SPS dieing help!!!!!

Discussion in 'Coral' started by travis furia, Apr 9, 2016.

  1. travis furia

    travis furia Guest

    Why is my SPS shedding its skin and dieing. my water parameters were great 3 days ago. I'm gunna test my water again today or tomorrow. But please help!! All my other SPS r doing fine this one is dieing all of a sudden. Iv had it for 2 months no problem and the polyps of been out until 2 days ago. It looks like there is some very tiny black bug of the dead part of the coral. Almost like baby copepods. [​IMG][​IMG]


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    Last edited: Apr 9, 2016
  2. Vhuang168

    Vhuang168 Supporting Member

    What kind of lighting? Parameters?


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  3. travis furia

    travis furia Guest

    I put brand new t5s in like a week ago. And nitrate and ammonia were 0, alk was like 10 and calcium was a little high at like 580 I think calcium is supposed to be at 440. I did but a few more dry rock in my tank 2 days ago. So maybe that made my nitrates spike?? But all my other SPS r fine and all other corls r fine in an hr or two I'll go rest my tank for parameters again.

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  4. travis furia

    travis furia Guest

    But I just spook all the Shadid skin off and I think it may already be to far gone. Bummer that was one I really liked :(


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  5. Enderturtle

    Enderturtle Volunteer

    SPS i.e, acropora are literally the hardest corals to keep alive. Generally speaking they like high light, medium to high flow, and stability. Most people dont start doing acropora until theyve been keeping corals succesfully for at least 6 months.

    Two reasons
    1. Your tank stabilizes
    2. You learn how to keep your tank chemistry stable
    Dont worry ive bought about 16 sps frags since I started this hobby. I have 10 left.

    Your acro has RTN'd (rapid tissue necrosis) aka it died.

    Try to test and learn how fast your alkalinity/calcium/magnesium gets used up and figure how to keep it stable (water changes, dosing, calcium reactor, etc).
     
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  6. travis furia

    travis furia Guest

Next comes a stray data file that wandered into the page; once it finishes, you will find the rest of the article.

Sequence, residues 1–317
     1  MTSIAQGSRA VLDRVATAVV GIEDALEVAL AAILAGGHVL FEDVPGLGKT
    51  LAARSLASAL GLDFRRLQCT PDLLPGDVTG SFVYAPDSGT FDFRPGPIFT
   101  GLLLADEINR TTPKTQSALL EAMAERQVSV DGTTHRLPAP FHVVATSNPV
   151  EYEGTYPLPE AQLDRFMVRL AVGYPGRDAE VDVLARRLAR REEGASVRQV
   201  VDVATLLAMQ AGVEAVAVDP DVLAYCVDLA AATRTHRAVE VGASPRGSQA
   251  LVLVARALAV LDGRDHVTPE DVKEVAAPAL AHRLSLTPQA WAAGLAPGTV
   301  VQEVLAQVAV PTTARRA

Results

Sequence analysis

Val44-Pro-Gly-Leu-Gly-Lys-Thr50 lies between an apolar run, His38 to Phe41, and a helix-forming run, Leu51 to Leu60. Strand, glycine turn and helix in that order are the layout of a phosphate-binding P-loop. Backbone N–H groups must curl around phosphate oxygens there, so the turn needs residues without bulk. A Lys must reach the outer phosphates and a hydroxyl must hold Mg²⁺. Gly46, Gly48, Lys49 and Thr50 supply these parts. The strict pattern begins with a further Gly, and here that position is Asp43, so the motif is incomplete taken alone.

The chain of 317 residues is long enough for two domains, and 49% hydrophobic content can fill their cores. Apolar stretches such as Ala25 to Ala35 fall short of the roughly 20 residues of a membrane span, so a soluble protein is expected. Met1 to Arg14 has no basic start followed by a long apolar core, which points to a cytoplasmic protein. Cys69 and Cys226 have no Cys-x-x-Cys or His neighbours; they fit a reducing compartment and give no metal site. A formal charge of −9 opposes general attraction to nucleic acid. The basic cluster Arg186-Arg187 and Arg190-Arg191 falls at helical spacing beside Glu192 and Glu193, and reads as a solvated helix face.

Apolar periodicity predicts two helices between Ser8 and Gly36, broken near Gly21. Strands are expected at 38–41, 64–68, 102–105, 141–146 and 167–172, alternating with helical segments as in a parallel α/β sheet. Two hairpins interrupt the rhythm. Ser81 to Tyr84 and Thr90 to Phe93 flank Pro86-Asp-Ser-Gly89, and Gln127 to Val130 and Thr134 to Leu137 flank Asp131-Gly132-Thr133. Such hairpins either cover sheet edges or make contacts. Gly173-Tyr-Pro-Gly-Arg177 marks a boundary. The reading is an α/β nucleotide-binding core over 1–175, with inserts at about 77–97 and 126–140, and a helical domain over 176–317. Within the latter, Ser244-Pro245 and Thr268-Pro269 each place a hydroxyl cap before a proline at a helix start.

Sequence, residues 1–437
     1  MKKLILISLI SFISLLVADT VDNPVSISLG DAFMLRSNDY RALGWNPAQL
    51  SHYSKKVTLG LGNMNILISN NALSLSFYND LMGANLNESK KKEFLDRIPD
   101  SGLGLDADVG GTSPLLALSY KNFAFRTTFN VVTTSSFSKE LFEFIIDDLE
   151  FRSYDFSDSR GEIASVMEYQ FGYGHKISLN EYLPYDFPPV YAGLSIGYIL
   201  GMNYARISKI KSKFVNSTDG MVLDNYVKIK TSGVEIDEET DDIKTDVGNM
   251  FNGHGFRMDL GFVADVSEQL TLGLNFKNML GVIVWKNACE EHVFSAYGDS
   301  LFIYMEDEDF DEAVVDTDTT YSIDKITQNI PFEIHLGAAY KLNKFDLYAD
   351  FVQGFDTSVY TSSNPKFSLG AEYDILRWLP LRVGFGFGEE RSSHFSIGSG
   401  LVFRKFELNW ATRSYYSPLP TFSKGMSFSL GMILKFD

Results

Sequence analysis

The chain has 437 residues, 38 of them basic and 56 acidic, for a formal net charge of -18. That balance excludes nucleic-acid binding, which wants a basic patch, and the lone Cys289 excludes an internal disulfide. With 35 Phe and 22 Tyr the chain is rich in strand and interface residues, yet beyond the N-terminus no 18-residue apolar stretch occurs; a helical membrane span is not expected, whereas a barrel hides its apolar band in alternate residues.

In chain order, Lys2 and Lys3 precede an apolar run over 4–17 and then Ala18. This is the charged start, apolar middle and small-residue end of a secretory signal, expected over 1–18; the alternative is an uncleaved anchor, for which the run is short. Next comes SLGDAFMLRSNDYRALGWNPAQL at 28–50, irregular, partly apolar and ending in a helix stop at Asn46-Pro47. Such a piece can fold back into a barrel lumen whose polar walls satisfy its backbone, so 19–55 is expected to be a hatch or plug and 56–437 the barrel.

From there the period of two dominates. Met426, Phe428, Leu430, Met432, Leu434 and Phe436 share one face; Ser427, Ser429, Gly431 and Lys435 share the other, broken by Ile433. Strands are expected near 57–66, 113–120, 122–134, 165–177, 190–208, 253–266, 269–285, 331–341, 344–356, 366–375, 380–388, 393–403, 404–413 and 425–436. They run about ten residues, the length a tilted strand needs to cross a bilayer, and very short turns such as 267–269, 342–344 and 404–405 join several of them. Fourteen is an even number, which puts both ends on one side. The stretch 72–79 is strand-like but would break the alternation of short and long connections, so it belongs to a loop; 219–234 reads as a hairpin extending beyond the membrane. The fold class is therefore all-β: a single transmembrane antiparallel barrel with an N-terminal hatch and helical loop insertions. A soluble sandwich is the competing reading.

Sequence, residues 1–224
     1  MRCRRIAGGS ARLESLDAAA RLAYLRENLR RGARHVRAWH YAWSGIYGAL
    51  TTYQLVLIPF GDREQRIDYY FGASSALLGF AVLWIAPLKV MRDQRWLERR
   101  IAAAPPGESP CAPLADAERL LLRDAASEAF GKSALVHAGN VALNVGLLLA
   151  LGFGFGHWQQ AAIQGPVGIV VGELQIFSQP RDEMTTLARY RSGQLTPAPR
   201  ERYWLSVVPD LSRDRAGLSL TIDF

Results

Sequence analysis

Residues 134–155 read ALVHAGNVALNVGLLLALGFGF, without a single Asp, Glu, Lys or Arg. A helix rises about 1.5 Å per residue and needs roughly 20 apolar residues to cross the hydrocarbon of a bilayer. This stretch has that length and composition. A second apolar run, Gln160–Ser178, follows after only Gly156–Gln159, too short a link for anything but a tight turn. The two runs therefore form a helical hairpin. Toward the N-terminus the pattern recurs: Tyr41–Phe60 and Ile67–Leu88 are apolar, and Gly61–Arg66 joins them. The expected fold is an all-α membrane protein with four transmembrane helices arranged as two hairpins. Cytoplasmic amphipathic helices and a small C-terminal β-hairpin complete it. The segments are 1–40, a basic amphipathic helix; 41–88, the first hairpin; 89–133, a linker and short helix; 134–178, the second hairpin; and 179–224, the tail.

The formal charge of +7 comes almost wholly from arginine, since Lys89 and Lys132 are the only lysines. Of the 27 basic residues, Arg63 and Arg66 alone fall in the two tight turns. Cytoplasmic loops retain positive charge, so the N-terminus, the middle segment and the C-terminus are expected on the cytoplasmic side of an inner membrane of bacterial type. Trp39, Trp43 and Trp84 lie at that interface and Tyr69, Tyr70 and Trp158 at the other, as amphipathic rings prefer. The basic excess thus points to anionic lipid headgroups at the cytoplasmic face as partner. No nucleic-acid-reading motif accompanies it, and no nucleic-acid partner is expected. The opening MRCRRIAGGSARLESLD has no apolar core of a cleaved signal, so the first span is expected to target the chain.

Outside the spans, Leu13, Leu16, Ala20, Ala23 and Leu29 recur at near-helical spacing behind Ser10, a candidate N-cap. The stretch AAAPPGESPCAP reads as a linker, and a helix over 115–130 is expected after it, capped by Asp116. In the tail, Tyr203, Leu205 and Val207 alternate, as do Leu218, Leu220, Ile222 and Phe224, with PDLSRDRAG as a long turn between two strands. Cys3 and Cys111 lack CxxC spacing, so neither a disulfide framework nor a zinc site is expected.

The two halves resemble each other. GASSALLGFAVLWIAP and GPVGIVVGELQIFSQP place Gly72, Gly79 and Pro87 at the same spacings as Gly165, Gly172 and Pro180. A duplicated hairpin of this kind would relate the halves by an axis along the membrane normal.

Thanks I need to eat water again. And I know SPS is hard to keep but avuncular of people told me I can do it and gave to free frags. And I understand in a begin her I'm still making beginer mistakes like I did a fresh water dip on my SPS and all my other corals and I almost killed all my SPS they r slowly coming back. U live and learn. Just hoping to learn without killing live things. I does two-part and I do if I hand do you think it's dosing pump would be better?


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  7. travis furia

    travis furia Guest

    Water parameter test results. nitrite zero, ammonia zero, alk 196.9 ppm or 11 dkh, and calcium is still high at 520 ppm any suggestions??? I think it's gata be fryed from the new t5 light bulbs


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  8. Enderturtle

    Enderturtle Volunteer

    To lower your alk and calcium.

    You have to do a waterchange
     
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  9. FeliciaLynn

    FeliciaLynn Supporting Member

    I'd keep in mind that you also should be testing phosphates and nitrates. If your tank is fully cycled, it should never have detectable nitrite or ammonia. Phosphate and nitrate are what indicate excess nutrients in a cycled tank.

    Also, for SPS you have to keep all parameters stable. The exact levels aren't as important as stability. That includes salinity (so you have to be consistent with top offs or have an auto top off system), temperature, alkalinity, calcium, magnesium, nitrate, and phosphate.

    I doubt your T5 light is too strong, but most SPS corals do best if you light acclimate them to a new light. When you get new SPS frags, you should place them lower in the tank first and then slowly move them up to their final placements locations. Once they're acclimated, you want to provide them with high light and high flow. Generally if your light was too strong, that would have just made the coral bleach (or lose color), not undergo rapid tissue necrosis and die.